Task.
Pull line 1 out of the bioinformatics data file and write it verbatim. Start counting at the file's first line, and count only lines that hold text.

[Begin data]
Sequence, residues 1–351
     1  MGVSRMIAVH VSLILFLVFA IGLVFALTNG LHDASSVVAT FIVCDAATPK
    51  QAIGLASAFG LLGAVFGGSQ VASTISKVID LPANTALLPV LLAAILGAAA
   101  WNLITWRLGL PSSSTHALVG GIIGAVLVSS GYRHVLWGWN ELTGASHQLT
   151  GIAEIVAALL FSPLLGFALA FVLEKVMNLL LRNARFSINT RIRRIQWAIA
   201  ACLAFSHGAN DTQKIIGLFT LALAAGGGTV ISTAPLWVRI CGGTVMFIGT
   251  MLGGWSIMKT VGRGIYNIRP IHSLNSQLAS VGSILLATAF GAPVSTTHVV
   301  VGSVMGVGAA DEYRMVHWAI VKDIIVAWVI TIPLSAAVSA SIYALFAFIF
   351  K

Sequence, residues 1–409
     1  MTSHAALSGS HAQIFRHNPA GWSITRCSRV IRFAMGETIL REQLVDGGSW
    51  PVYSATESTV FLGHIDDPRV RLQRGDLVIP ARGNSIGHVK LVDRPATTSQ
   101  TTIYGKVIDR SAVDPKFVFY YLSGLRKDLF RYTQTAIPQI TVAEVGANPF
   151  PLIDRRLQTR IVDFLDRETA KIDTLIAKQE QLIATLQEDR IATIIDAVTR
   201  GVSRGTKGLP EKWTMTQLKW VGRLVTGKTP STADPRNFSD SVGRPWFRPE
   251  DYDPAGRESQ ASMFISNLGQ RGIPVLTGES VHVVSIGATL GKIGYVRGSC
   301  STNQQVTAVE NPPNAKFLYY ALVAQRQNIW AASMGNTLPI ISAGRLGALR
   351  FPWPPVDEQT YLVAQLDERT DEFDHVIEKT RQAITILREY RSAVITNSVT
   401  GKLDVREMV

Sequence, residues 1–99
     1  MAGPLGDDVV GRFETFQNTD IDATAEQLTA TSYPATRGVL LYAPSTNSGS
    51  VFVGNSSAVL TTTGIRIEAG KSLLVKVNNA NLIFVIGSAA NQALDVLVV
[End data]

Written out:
Sequence, residues 1–351